ABA Formal Ethics Opinion 00-418 looked at the ethics of attorneys investing in clients. The opinion set forth certain conditions that must be satisfied in order to secure compliance with the Model Rules of Professional Conduct’s business transactions rule (Model Rule 1.8) in a stock-for-fees scenario: The lawyer must (1) explain the transaction so that the client can understand its terms as well as its potential effect on the lawyer-client relationship; (2) describe the scope of services to be performed in exchange for the stock, and must set forth whether the lawyer may retain the stock if the attorney-client relationship ends before all the agreed-upon services are performed; (3) disclose to the client that conflicts could arise that could affect the lawyer’s exercise of independent professional judgment, including where the lawyer’s desire to protect the value of the stock may conflict with the client’s goals; (4) inform the client that, because of these conflicts, the client should consult an independent lawyer concerning whether to enter into the transaction; and (5) that should conflicts arise after the stock is issued, that the disclosing lawyer may need to withdraw.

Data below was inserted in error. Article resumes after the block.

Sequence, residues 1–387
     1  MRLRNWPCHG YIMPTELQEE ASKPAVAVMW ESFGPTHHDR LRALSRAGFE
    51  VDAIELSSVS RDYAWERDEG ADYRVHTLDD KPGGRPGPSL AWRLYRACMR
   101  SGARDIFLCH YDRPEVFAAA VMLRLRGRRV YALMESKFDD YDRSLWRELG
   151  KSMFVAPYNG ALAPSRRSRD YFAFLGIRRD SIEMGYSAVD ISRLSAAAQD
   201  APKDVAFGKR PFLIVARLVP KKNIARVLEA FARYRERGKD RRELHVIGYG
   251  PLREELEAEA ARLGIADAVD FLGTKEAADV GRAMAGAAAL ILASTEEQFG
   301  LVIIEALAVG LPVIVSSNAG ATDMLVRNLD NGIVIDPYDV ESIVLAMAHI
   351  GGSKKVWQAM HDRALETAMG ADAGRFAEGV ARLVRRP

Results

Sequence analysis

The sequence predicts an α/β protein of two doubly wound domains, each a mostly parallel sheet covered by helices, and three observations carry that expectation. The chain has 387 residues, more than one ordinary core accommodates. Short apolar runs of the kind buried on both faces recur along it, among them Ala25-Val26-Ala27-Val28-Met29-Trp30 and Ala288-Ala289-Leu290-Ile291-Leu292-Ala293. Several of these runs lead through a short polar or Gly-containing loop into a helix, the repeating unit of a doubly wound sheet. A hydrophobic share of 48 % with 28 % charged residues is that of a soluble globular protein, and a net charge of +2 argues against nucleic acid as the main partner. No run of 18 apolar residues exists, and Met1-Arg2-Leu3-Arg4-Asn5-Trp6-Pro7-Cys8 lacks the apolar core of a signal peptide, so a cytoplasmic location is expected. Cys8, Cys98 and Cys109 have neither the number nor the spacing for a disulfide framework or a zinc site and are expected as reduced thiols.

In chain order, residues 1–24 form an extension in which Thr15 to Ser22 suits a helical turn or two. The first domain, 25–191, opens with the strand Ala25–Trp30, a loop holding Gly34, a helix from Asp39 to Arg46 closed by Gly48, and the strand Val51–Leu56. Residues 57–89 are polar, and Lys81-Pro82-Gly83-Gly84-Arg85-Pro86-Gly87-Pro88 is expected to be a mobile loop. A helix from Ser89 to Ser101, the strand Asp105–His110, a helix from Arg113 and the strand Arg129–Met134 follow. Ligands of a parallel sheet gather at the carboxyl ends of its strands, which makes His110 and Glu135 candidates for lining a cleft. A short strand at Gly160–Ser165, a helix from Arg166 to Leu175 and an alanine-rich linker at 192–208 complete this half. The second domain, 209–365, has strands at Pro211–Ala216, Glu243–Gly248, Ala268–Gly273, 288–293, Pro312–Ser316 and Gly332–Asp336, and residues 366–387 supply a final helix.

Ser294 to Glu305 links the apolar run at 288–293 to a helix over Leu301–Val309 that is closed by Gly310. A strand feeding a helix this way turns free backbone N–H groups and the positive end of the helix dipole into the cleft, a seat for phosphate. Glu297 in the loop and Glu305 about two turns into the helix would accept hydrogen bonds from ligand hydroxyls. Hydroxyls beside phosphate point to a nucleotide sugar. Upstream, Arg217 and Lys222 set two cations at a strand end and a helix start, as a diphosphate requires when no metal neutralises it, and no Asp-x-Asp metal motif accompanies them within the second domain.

The question of the fairness of the transaction is one that requires attention and possible documentation at the outset under both the California rule and the ABA Model Rules. Under both sets of rules, the fairness of a transaction between a lawyer and a client is determined as of the time that the transaction was entered into. See CRPC 4-200(B). In some cases, it may be hard to value the stock (or other interest) at the time it was exchanged. Further, if the value significantly increases over time, the lawyer may have difficulty later proving the fairness of the deal. ABA Opinion 00-418 recommends that the lawyer establish a reasonable fee for her services and accept stock that at the time of the transaction is worth the reasonable fee. If possible, the stock should be valued at the amount per share that cash investors agreed to pay about the same time the stock was issued to the lawyer or law firm. If that is not possible, “the percentage of stock agreed upon should reflect the value, as perceived by the client and the lawyer at the time of the transaction, that the legal services will contribute to the potential success of the enterprise.”